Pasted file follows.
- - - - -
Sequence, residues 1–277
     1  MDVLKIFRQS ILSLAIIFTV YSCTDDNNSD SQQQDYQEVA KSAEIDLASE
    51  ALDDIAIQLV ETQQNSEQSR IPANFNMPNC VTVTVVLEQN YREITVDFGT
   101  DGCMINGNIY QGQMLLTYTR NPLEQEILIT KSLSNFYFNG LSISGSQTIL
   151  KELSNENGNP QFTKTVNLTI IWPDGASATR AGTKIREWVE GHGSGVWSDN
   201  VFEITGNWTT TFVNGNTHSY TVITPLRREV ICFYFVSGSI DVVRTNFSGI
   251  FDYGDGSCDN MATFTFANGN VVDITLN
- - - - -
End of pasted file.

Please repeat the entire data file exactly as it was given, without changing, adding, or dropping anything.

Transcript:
Sequence, residues 1–277
     1  MDVLKIFRQS ILSLAIIFTV YSCTDDNNSD SQQQDYQEVA KSAEIDLASE
    51  ALDDIAIQLV ETQQNSEQSR IPANFNMPNC VTVTVVLEQN YREITVDFGT
   101  DGCMINGNIY QGQMLLTYTR NPLEQEILIT KSLSNFYFNG LSISGSQTIL
   151  KELSNENGNP QFTKTVNLTI IWPDGASATR AGTKIREWVE GHGSGVWSDN
   201  VFEITGNWTT TFVNGNTHSY TVITPLRREV ICFYFVSGSI DVVRTNFSGI
   251  FDYGDGSCDN MATFTFANGN VVDITLN